29 Baloon and + Stent. ADDITIONAL THERAPİES: Efficacy of PCI:
1. Oral- Antiplatelet : ASA, Clopidogrel. 2. İV- Antiplatelet : GP-2b/3a İnh. 3. Antithrombin: Heparin, Bivaluridin, Fondaparinux. Efficacy of PCI: a- Success rate of the intervention. b-Symptomatic relief after intervention: %90. c- Complications: ≤ %2.

30 Schematized STENTING. Beginning of the procedure: Angaging the guiding catheter successfully to the coronary ostiyum and passing the guide wire hrough the lesion. A- Passing the stented ballon from the stenotic lesion. Before this, standart predilatation of the lesion mey be needed. B- Inflating the ballon and widening of the stent. C-- D- Deflating the balloon and pulling back from the widened stent.

31 Coronary Angiography: Successfull STENTING.

32 Percutaneous Mitral Baloon Valvotomy(PMV)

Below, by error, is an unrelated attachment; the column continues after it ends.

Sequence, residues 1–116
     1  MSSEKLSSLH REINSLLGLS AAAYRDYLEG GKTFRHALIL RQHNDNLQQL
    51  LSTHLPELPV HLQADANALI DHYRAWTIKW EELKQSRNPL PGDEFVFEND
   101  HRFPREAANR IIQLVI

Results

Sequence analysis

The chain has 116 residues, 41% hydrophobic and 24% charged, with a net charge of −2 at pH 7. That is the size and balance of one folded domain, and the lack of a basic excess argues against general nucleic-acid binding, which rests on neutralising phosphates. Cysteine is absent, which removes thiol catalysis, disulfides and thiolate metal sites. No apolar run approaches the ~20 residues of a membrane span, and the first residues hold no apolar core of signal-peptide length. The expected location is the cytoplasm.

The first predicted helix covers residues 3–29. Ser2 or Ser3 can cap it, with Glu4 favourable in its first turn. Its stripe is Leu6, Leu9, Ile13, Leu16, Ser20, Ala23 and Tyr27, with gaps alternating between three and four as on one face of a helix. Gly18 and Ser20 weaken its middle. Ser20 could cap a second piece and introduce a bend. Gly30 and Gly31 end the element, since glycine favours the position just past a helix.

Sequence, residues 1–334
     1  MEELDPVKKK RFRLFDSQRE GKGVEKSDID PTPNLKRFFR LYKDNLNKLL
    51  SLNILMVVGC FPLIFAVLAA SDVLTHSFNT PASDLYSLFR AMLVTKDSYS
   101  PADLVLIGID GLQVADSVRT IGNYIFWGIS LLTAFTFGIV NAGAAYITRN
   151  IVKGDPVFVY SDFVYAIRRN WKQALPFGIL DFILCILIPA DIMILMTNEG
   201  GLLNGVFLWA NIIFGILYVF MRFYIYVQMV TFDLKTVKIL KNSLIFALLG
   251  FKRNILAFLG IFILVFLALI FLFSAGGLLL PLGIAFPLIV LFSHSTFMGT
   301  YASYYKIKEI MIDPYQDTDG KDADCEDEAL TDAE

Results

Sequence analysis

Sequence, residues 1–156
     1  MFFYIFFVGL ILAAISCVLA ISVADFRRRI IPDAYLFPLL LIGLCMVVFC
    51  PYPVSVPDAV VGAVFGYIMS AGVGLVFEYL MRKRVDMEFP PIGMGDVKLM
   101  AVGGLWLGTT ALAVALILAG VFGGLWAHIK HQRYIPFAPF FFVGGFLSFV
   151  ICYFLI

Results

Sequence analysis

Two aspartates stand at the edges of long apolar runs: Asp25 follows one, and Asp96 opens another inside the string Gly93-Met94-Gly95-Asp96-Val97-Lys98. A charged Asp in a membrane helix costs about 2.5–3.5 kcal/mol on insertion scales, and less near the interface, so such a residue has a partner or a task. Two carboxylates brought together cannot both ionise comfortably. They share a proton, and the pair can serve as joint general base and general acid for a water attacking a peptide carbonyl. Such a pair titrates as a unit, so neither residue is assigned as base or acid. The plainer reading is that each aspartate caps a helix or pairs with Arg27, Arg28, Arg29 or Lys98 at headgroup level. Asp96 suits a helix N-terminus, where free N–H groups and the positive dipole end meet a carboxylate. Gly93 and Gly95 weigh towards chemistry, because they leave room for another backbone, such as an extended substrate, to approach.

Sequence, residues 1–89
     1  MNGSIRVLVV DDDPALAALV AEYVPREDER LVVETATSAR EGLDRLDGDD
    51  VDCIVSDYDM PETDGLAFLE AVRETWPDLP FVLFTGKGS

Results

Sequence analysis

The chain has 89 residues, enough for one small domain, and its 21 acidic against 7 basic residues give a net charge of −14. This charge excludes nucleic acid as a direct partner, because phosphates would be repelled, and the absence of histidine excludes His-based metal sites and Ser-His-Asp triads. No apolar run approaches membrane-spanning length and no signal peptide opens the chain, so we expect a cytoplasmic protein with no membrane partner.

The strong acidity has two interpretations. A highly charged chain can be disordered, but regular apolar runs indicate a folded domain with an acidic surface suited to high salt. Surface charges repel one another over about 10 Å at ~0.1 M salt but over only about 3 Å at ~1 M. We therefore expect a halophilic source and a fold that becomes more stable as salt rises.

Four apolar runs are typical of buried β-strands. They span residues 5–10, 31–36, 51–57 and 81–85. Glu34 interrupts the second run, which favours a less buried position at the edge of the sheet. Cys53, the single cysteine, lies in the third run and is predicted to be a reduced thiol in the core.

Percutaneous ASD Closure İndicatıons: Symptoms of dyspne,fatigue or RHF. Reccurrent pulmonary infectıon. Paradoxical embolism. Atrial arrhytmia even ın the presence of a small defect. Moderate Pulmonary hypertensıon without pulmonary vascular disease. Asymptomatic large ASD (Qp/Qs>1.5:1.0),RH volum overload and no pulmonary hypertensıon. İnd: Echo score <8. MVA<1.0 cm2. No subvalvular fibrosis, mobile valve and noncalcified.

33 ICD: Implantable Cardioverter Defibrillator (Chest Radiograph)
İndication: Reduced EF who had history of cardiac arrest,VT,VF. Ischemic CMP; at least 40 days post-MI with EF <%30, NYHA II or III on chronic OMT.

34 CRT: Cardiac Resynchronısatıon Therapy
İndicatıon: LVEF<%35. Sinus rhym. NYHA class –III-IV, despite optimal therapy. Have cardiac dyssynchrony, QRS duratıon >120 ms.